The VFX industry is the ultimate problem solving career. Nothing is set in stone, there's a ton of ways to do everything, but people are solving those problems every day and creating new and improved methods. So being taught by people who really know the industry means you'll be taught the newest and best methods and little tricks they've picked up along the way. You'll also gain experience into that problem solving nature of the job to prepare for your future.

    And your teachers will not treat you like kids. NOTHING you ever do is perfect, so don't expect it to be. It's highly unlikely you're going to get a 100% "It's perfect, no comments!" response to anything you do, and in the industry, that's not going to happen either. Everything you submit, you will get feedback on how it could be better. I know that while we were studying, my fellow students liked this approach and we would actually help each other out by pointing out flaws in eachother's work and how to maybe make it better. When we were working on our reels, we would all show our progress in the theatre at the end of the week and the whole class would give feedback, not just the VFX head!

    That's not to say you'll never be praised. If you do something really great, you'll be told "It's awesome...but". Having that "but" in there is what will make you a far better VFX artist. You should always be striving towards better, and the VanArts team will fuel this drive in you.

    A+
  5. Equipment & Facilities

    High spec computers; all the latest software; a render farm; a top notch IT team. No complaints here whatsoever! The classrooms are comfortable and aren't overcrowded, you have plenty of space.

    There's a photography studio, giant green screen and a camera for the VFX class only. There's also a theatre for dailies or watching movies - relevant to the course of course. For example, we watched 'District 9' prior to some industry professionals from Image Engine coming in to talk to us about the work they did on the movie.

    Industry professionals from Vancouver studios will occasionally visit the school and this is a good opportunity to find out more about the business and potentially make contacts. Our class also got to go on a tour of a studio.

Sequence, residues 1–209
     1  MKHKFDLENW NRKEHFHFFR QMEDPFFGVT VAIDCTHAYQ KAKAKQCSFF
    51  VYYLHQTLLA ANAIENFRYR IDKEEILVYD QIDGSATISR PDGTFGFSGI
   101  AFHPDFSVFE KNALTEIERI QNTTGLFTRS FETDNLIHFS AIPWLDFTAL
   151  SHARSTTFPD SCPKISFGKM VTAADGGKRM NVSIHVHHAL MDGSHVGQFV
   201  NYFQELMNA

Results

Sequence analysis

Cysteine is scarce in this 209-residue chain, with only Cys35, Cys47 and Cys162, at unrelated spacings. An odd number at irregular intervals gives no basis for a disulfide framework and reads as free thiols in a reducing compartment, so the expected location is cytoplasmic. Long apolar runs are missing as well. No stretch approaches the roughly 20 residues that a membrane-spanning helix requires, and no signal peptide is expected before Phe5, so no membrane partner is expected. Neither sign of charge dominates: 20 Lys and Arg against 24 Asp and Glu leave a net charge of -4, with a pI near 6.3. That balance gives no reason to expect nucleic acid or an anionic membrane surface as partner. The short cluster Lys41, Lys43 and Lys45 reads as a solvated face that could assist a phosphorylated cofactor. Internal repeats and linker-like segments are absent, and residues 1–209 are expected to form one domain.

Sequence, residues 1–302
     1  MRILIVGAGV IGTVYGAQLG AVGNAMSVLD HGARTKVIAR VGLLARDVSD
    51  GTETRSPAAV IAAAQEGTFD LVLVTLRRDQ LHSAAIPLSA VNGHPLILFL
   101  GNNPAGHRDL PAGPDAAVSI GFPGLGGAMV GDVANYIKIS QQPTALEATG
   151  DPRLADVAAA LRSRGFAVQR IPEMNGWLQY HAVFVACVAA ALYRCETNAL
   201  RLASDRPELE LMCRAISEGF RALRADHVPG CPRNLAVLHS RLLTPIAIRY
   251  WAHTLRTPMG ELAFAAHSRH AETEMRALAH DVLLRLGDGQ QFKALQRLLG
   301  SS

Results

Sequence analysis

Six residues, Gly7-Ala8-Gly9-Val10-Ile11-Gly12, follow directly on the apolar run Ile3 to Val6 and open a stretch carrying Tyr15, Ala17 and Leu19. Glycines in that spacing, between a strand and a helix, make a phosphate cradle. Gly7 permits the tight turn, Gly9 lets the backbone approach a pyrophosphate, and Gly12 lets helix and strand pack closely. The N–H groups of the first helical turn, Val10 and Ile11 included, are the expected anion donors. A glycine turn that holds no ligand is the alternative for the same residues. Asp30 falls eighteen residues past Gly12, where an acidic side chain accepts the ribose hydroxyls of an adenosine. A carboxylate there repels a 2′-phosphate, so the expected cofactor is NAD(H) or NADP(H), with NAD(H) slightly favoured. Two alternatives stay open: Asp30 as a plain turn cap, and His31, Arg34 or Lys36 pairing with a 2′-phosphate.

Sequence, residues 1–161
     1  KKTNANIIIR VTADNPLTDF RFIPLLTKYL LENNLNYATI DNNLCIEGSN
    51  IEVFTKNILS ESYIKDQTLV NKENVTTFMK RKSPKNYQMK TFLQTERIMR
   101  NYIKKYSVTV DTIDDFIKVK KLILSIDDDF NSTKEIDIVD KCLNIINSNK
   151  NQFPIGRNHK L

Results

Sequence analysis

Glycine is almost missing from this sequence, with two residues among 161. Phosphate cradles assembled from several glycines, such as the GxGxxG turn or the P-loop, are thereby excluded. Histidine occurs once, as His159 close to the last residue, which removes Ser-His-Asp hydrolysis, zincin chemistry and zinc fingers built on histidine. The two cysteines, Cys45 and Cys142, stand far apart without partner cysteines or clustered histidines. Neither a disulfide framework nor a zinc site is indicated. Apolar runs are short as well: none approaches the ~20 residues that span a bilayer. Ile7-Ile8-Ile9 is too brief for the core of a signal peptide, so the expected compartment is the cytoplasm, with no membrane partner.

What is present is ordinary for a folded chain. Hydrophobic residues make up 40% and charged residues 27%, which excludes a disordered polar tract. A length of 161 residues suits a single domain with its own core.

A+
  6. Career Preparation

    During term 3, we had a class that focused on time management and figuring out a career path and how to get there. Many of the teachers are industry professionals and will answer questions about the industry including how they got started and any advice they can offer.

    Studios will also, at times, contact the school and ask if they have any students either soon to be, or recently, graduated that would suit work placements they have. So there's a strong focus on preparing you for employment, and, if you're a strong student, you might be one of the names that gets passed on to that studio!

    A+
  7. Social Life

    You are encouraged to be a cooperative team at Vanarts to reflect how it works in the industry. So you'll make lots of friends. But I studied at university and it was a breeze compared to this year intensive course.That's not to say I didn't ever go out, there were many fun nights and nights out. But if you want to do well, you'll soon find your social life becoming a secondary concern.

    However, it is fantastically located for nights out, downtown and right next to Granville Skytrain. There's a little less guilt in going out for a night out if you can work in school right up to 5-15 mins before you go to the bar/club/cinema.

    A
  8. The Bottom Line

    Studying at Vanarts was the best decision I ever made. I've gone from making silly little videos with friends to working at the company that inspired my effects fascination (Zoic Studios). I got my job less than a month out of school and just 2 months after I finished school, my work could be seen online and on TV! A fantastic feeling!

    Just about everyone in my class is working now! If you're serious about a VFX career, and willing to put in the effort, this is the school for you!

Report Card

  • A+
  • Admission Process
    A+
  • Tuition & Finances
    A+
  • Curriculum
    A+
  • Faculty & Administration
    A+
  • Equipment & Facilities
    A+
  • Career Preparation
    A+
  • Social Life
    A

Weight Distribution

  • Admission Process
    5%
  • Tuition & Finances
    15%
  • Curriculum
    25%
  • Faculty & Administration
    20%
  • Equipment & Facilities
    15%
  • Career Preparation
    15%
  • Social Life
    5%

1 Comments

  1. Rufio
    Rufio (Guest)
    December 6th, 2012
    Reply

    Fact Checking Alert.

    "The head of the program was a VFX supervisor on Avatar!"

    Unfortunately that is an incorrect/misleading statement that the Van Arts marketing team loved to tell anyone who didn't know any better. Bill Dwelly was a "Layout Lead" which is a completely different role altogether. Calling him VFX Supervisor is similar to calling a Kitchen Prep the "Chef".

    It's important to always double check claims made by school's marketing departments. One simple way is to cross reference key staff's IMDB credits.

    www.imdb.com